Oh my goodness. Farm maintenance never ends, does it? So I have been concentrating on farm maintenance since my husband went back to work and I am now job free. In many cases, it may also include those finishing touches that we never got around to, but are necessary to help our farm buildings last. For example, last post, I published the new stained calf barn. In addition to getting the red and white barn we always wanted, the two coats of stain seals the wood (and we all know that moisture ruins wood quickly) to make the calf barn last a lot longer and honor that time and energy we expended to build it in the first place. The same goes for our plumbing shed. We had only ever gotten around to putting a coat of primer on the shed which did not seal it very well, so I discovered this time it had to be pressure washed, scraped and sanded before I could re-prime, paint and trim it again to finally be sealed, as well as look the way it always looked in my head only.
Over the summer, my husband had devised a way to get rid of the Japanese beetles that he hated and feed the chickens at the same time, and I don’t think we have given you a picture of it before, so here it is. It simply involves a Japanese beetle trap and a tin pie plate filled with water.
We processed the rest of the Freedom rangers, this time freezing them as cut up chickens after discovering that our grown kids really don’t know what to do with a whole chicken (we will have to do some re-teaching). We decided to keep 8 of them because we need for them to scratch the cow pies in the pasture. Truth be told, it is also because one of the remaining chickens is one with a leg deformity that we call “Gimpy” and we have grown too fond of him. So, since we were going to have them at an older age, we decided to add a roosting pole and two nesting boxes to the chicken tractor. The roosting pole is being modeled by Gimpy who kept me company while I was installing it. The leftover bamboo pole made a perfect roosting post when secured by two screws so it won’t roll or get kicked off. I created a new tab that includes the making of the chicken tractor.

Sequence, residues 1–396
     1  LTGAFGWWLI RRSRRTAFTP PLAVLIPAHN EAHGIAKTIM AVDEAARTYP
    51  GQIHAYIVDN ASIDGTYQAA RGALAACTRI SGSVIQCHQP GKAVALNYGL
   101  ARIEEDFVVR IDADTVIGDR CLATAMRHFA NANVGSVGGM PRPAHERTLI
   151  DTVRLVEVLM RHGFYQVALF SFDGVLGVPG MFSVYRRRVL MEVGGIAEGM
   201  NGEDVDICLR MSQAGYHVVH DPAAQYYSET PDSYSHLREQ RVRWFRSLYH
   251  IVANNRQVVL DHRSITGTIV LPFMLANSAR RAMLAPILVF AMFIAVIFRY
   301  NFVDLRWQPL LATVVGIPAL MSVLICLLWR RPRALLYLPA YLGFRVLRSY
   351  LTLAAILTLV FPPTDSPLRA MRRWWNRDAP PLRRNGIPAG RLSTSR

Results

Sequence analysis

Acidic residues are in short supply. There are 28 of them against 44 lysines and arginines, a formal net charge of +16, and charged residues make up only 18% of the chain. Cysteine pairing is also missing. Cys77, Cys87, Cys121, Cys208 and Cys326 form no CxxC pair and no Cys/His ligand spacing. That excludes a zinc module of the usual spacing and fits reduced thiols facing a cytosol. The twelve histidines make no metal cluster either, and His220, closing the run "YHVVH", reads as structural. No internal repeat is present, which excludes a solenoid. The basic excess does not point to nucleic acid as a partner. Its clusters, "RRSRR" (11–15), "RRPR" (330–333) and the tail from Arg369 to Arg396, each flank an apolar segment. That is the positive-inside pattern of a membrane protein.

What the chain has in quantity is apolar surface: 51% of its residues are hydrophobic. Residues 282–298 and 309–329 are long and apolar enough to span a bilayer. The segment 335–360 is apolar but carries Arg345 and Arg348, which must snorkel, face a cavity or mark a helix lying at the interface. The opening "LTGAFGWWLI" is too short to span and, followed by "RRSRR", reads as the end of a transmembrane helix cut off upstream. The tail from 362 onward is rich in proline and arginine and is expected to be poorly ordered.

I repainted our farm sign at the mailbox. The wood had split so it needed to be put back together, which necessitated that it be totally repainted. I used my favorite appliance epoxy paint as a base with simply acrylic paint for the logo and sprayed a clear coat on top for protection. I think I must be getting better at painting, as I was much happier than the first time I painted it. No matter that I am an amateur painter, it works! As a friend said, I put out the bids for getting it done and I won!
I tried making this comfrey salve from a recipe I got HERE from the Prairie Homestead. We had comfrey growing, I just gathered some broadleaf plantain that God had graciously provided, (I had dried and shredded the comfrey and broadleaf plantain) and picked some rosemary to just throw in the crockpot with it. I tried it out on a Monday putting some on my left arm that had been in a lot of pain (I was wondering whether I had cracked a bone as it had been hurting for a couple of weeks). By Wednesday morning my arm felt significantly better, and I assure you, it wasn’t from resting the arm. I had been drawn to it after reading that it helped sciatica and I was actually wanting to make it for my neighbor, so we got together and made some. The rest, as they say, is history.
We got smarter and moved our electric fence so we can move our cattle from the front pasture to the back without having to herd them to keep them out of the flower bed. Those darn steer sure have a mind of their own! At least we learned that they like to eat daylillies and perennial collards. They have been out of the front pasture for a few days and it works like a charm. The grass was tall in the back, so we will give the front pasture some resting time. We are hoping for rain soon to help the front pasture grow.